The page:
The Chamber of Secrets starts out with a nice and quick summary and slips right back into the action. Harry discovers what it’s like to live like a wizard when he spends the rest of his summer with Ron and the next suspect is presented — Percy.
I know I shouldn’t have fallen for it, but Rowling keeps throwing undeniably questionable events into the plot. Percy must be somehow involved with the mysterious Chamber of Secrets and petrified half-breeds. The Chamber of Secrets also makes it quite evident why the Harry Potter series encourages tolerance through the “hunting” of half-breeds by the monster that is released from the Chamber.
This volume is filled with tense moments between Potter and Malfoy (and Malfoy senior). Ginny, Ron’s little sister, enters Hogwarts and appears to be a future love interest for Harry. Perhaps there was even some flirting between Ron and Hermione. Potter strengthens his standing as a hero for those who are held down by the dark and powerful through his release of Dobby, a tricky elf, at the end of the novel.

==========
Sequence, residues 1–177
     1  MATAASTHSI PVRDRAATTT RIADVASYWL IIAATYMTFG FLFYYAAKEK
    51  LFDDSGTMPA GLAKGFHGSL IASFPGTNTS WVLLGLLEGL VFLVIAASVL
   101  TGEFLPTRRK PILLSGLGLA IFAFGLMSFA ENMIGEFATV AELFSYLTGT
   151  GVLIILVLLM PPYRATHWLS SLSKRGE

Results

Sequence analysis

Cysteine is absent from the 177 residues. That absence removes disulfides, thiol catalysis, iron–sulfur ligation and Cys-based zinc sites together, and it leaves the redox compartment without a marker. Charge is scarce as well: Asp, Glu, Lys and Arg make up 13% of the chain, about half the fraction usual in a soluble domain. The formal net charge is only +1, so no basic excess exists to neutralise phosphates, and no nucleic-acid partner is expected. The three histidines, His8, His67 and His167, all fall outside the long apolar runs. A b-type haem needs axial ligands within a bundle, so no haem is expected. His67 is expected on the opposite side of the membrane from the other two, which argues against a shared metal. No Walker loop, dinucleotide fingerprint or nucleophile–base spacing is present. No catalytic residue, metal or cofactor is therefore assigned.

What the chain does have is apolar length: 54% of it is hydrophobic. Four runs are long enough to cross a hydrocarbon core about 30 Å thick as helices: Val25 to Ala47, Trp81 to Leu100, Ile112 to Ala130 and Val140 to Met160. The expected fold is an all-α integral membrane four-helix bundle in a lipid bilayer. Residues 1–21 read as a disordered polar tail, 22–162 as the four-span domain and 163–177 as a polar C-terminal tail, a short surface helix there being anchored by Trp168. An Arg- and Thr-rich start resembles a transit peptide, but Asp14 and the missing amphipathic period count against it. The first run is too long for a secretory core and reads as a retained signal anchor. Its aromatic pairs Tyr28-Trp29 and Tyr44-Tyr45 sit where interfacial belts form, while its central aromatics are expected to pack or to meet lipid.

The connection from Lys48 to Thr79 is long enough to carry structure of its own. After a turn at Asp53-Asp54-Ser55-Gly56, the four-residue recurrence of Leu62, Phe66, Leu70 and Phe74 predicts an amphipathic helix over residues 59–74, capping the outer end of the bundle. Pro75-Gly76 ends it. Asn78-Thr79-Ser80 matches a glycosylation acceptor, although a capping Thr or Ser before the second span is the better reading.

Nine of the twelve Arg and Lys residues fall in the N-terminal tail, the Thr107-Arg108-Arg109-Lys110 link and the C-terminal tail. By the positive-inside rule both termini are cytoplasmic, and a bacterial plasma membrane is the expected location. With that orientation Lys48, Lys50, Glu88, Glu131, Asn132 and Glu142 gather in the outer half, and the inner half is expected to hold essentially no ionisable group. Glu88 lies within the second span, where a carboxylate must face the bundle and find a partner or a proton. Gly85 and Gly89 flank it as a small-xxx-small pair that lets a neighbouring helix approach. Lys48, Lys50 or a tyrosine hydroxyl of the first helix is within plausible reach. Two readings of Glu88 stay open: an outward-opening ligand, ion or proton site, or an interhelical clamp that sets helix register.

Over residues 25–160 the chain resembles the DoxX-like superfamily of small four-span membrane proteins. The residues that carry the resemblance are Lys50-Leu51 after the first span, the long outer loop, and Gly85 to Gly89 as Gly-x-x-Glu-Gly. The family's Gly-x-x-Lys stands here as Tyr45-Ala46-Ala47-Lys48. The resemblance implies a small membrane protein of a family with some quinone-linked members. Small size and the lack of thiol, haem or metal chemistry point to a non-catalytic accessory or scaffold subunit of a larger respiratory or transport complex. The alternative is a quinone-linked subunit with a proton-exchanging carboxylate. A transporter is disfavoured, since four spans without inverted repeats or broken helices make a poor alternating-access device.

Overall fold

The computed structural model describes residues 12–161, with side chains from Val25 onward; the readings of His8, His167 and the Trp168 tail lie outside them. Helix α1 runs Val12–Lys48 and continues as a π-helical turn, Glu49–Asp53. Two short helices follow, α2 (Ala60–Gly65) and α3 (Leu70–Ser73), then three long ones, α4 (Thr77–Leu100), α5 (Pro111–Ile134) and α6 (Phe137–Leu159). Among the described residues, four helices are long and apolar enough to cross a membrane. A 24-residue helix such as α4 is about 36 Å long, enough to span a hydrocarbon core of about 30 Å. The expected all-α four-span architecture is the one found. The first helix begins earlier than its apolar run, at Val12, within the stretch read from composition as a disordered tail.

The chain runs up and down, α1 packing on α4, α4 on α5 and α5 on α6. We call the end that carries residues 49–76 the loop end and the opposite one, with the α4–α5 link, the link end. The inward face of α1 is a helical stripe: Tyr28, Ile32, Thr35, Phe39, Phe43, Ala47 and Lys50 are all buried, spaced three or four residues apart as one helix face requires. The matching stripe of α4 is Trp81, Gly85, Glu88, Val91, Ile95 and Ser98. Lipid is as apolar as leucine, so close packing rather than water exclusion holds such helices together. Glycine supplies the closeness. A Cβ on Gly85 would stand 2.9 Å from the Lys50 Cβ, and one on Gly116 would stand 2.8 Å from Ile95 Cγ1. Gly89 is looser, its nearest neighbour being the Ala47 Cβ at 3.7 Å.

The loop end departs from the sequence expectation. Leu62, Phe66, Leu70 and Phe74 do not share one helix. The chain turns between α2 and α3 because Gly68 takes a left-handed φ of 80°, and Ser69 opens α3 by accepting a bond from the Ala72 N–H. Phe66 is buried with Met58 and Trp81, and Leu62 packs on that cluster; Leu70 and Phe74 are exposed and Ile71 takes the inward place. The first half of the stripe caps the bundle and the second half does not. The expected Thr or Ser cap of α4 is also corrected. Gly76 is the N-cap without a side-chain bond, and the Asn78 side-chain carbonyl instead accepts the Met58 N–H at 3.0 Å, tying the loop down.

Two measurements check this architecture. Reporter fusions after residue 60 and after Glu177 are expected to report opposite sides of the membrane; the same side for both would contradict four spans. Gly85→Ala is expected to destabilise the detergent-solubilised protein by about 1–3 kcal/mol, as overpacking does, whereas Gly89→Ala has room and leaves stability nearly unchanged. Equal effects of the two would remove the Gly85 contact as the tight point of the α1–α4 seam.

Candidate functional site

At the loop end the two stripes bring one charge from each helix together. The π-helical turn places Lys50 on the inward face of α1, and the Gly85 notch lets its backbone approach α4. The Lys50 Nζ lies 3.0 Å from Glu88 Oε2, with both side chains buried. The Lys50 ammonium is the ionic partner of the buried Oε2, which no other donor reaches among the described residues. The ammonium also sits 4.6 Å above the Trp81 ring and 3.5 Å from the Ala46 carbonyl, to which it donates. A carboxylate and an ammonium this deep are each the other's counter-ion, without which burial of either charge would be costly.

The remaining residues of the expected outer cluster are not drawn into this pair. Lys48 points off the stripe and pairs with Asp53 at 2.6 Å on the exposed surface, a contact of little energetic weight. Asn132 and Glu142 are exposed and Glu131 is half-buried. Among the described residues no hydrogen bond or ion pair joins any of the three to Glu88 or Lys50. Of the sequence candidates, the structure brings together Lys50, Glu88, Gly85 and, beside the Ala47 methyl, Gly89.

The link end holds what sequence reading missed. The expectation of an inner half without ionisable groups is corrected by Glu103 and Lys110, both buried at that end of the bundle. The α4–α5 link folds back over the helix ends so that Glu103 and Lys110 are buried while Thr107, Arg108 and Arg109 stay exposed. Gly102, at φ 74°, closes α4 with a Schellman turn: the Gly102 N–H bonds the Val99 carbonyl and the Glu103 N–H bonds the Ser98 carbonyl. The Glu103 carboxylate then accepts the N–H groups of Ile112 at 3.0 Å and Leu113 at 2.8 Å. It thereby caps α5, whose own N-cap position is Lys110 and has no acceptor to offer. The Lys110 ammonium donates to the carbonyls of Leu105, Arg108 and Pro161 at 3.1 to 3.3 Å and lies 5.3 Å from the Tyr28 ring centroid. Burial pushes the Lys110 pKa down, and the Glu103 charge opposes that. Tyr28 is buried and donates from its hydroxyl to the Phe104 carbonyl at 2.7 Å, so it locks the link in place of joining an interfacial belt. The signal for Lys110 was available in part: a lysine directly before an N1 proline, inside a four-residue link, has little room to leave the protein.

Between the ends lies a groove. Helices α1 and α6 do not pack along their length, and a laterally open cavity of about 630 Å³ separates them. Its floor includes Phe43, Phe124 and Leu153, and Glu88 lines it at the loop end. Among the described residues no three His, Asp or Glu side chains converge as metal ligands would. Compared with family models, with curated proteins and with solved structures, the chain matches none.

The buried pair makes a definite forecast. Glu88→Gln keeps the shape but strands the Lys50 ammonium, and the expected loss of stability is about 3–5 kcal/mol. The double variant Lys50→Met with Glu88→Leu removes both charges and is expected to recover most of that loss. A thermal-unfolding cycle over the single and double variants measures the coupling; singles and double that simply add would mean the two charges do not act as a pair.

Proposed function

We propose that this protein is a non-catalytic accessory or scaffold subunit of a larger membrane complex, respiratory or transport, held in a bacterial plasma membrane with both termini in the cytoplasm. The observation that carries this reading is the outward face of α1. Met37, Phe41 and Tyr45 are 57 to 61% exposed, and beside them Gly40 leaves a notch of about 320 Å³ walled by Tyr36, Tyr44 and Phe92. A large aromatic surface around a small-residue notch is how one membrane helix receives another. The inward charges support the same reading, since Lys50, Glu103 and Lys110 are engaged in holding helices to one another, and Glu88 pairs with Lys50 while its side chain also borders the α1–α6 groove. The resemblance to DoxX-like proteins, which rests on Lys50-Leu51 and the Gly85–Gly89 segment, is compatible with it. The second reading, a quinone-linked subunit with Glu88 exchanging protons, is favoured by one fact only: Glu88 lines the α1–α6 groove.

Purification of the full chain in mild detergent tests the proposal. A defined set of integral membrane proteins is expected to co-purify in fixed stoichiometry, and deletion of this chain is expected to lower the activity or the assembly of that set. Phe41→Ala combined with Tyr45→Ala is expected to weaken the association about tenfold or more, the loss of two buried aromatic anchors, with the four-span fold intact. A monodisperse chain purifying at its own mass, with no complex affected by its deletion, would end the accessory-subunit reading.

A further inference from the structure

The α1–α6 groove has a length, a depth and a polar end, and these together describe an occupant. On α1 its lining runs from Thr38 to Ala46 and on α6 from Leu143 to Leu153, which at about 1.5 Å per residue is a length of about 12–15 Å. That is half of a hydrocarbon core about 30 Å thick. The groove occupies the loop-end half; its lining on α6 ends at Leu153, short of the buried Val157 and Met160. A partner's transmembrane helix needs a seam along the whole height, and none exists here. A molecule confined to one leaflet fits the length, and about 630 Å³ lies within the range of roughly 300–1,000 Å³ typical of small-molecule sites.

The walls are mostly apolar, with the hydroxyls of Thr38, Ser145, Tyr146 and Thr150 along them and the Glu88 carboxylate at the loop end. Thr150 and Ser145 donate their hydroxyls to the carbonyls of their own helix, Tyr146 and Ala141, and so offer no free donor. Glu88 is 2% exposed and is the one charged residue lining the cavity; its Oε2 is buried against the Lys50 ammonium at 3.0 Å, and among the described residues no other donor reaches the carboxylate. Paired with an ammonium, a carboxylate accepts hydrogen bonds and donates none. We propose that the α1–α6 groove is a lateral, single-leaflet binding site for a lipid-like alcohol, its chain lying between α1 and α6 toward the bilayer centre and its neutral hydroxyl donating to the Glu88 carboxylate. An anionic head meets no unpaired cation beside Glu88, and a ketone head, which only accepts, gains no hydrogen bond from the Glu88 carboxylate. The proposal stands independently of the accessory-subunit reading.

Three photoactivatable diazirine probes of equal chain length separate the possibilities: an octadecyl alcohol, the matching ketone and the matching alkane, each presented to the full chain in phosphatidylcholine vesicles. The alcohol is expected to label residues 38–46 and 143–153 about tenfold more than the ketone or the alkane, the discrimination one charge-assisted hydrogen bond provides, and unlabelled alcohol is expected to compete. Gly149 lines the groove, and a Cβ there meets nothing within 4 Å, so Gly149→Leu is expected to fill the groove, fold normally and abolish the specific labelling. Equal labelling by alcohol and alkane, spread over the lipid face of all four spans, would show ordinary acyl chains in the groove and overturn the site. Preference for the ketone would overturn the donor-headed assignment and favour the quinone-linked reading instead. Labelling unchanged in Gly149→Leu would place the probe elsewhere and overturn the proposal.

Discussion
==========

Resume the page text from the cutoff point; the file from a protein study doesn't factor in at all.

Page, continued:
The ups and downs are well paced, but I’m ready to transition to the books for an older reader. I took a peek at the bookstore and was surprised (maybe a bit intimidated) by the girth of the volumes down the road.
Herbert quickly swept me into Dune and the main two protagonists — Paul and Jessica — carried me through the book. These two characters travel to a different planet with a different culture, and their names emphasize their foreignness. The names increasingly highlight a feeling of non-belonging. The familiarity of the names clash with Paul and Jessica’s evolution of abilities and discoveries. Eventually, they receive different names which blatantly symbolizes their transition and assimilation.
I think of Dune and imagine the story flowing like sand shifting downward. When I started reading it, I completely skipped over the table of contents and missed the fact that there is a glossary. I do think there is value in being just as lost and confused as the characters when they immerse themselves in the alien culture of the Fremen. But that is not all that is weaved into these pages. There is a healthy dose of mysticism and politics. I love that even though Herbert makes it clear that Paul’s father will die, I still want him to pull through — somehow.
For science fiction’s supreme masterpiece, I don’t think Herbert missed a beat. If I could have read the book in its entirety over two days, I would have.